I have a 50 gallon ASME tank I got from my propane supplier.  It fits in the bay with room to spare.  Cost me $50.00 and was in very good condition.  Visit all the local propane suppliers in your area.  My tank has both liquid and vapor valves.  MAKE SURE YOU USE ONLY THE VAPOR PORT TO RUN YOUR APPLIANCES.  That said, you need to know what you are doing.  If you are not familiar with NFPA 1192 that covers all aspects of propane in RV's/busses, forget doing it yourself.  Many issues involved, but one pertaining to vehicles is you cannot by Code have a tank more than 200 lbs of propane.  That amounts to 44 gallons.  My 50 gallon tank when filled to the maximum legal 85% gives me 42.5 gallons onboard.  So forget a house size tank and plumb a smaller on to NFPA code like the commercial RV manufacturers do.  Otherwise if you have an incident, someone may be injured or killed, you may go jail, your bus won't pay for the legal costs, and the insurance company will not pay the claim.  By the way, if you study the code and follow it, you will find among other things, their are two types of containers for propane: DOT cylinders and ASME tanks.  Two different animals with different safety mechanisms, different thickness, etc., etc.  By the way, DOT cylinders are manufactured to operate either horizontal or vertical, but not both.  Good luck.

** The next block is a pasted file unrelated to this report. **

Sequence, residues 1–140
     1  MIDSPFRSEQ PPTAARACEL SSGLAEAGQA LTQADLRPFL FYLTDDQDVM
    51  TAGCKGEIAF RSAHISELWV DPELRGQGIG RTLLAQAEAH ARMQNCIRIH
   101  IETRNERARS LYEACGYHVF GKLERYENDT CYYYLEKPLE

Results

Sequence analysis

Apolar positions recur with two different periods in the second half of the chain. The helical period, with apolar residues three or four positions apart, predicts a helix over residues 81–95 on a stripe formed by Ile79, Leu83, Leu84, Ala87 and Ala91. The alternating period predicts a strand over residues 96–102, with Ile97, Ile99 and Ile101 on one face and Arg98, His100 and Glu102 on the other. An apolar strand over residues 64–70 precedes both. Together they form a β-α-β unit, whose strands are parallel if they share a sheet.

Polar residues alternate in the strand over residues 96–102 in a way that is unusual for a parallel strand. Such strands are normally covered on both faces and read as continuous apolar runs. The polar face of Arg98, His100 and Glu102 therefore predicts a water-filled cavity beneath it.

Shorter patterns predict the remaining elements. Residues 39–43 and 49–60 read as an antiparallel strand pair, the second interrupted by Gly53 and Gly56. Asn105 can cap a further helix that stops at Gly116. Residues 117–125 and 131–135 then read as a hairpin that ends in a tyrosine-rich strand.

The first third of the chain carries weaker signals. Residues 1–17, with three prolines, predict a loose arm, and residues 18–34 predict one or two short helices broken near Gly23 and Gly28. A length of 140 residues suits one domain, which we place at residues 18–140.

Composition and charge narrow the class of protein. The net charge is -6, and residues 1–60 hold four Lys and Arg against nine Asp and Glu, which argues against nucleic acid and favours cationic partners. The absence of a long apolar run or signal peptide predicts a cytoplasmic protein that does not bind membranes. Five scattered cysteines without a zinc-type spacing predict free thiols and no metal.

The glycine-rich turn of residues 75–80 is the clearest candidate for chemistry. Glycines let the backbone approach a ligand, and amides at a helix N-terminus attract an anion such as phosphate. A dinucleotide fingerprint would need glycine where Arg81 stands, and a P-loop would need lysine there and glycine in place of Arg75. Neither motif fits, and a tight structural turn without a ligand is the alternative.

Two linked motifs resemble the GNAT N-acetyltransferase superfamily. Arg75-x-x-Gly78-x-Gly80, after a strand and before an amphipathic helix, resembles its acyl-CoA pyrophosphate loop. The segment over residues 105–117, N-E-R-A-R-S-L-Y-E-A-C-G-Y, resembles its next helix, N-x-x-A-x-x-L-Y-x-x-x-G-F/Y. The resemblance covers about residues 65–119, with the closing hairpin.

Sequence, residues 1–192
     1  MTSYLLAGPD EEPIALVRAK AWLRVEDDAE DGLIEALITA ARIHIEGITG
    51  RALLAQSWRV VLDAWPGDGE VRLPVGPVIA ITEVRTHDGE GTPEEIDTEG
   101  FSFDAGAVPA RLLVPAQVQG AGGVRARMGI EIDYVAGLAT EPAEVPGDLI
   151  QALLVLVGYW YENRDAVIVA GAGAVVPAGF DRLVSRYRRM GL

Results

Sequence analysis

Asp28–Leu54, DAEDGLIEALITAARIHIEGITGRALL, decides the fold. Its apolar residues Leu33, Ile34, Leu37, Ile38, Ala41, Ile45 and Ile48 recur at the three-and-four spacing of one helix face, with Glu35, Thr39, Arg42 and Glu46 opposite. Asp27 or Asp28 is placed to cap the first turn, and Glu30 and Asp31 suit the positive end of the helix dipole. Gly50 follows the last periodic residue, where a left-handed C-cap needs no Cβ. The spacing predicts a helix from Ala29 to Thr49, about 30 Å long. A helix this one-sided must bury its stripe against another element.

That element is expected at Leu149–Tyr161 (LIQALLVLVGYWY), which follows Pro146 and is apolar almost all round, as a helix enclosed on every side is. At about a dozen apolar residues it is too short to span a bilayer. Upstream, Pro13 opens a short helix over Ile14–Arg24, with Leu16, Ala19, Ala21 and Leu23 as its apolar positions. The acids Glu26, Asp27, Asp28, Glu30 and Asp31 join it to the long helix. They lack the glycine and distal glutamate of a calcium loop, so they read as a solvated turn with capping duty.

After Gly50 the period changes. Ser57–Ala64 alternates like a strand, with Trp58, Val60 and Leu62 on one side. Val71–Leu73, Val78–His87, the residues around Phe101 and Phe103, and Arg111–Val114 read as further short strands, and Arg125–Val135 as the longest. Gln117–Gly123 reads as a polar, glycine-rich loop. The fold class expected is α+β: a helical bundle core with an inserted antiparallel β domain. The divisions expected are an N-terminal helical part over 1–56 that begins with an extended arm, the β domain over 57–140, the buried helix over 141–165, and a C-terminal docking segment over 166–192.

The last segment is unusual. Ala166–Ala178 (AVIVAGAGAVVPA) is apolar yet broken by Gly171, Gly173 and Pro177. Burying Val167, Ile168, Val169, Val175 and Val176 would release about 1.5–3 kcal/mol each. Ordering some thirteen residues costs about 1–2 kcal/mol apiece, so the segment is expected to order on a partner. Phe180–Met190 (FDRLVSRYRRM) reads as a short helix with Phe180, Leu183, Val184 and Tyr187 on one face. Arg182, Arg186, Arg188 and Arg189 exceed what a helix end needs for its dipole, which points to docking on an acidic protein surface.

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1989 MCI 102A3, Series 50, DDEC III, Allison 740D
bignuf
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« Reply #10 on: April 24, 2006, 11:30:42 PM »

Hey, thanks you guys.
I'm getting a whole new perspective on what I need for a tank.
Good points Chuck. I'm going to check the NFPA regs.
My gen-set is propane and the all the usual appliances, so feel I want to maximize my capabilities.

BIGNUF
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bruceknee
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« Reply #11 on: April 25, 2006, 03:51:18 AM »

Bignuf,
I have a tank that is 18" in dia. 84" long, has a vapor and liquid port, fuel guage on tank, sending unit for electric fuel guage and mounting brackets. It is showing 1/4 tank on the guage. Richard Bower may know the gallons it will hold, he got it's twin from me. I will take $###.## for it. It's in Delaware. Email me for info. No $ amounts allowed on board until the items for sale issue has been worked out. What a great board so far!
Bruce Knee
« Last Edit: April 25, 2006, 04:10:44 AM by bruceknee » Logged
DrivingMissLazy
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« Reply #12 on: April 25, 2006, 05:08:52 AM »

The tank was almost full when I got it from Bruce with a nice 6 kw genset and I have never used it so I really do not know what the tank capacity is.
BTW, it is not available for sale. I got it to use as an emergency power source. We have ice storms here occasionally that take the power out for several days.
Richard
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Life should NOT be a journey to the grave with the intention of arriving safely in an attractive and well preserved body. But rather to skid in sideways, chocolate in one hand, a good Reisling in the other, body thoroughly used up, totally worn out and screaming:  WOO HOO, what a ride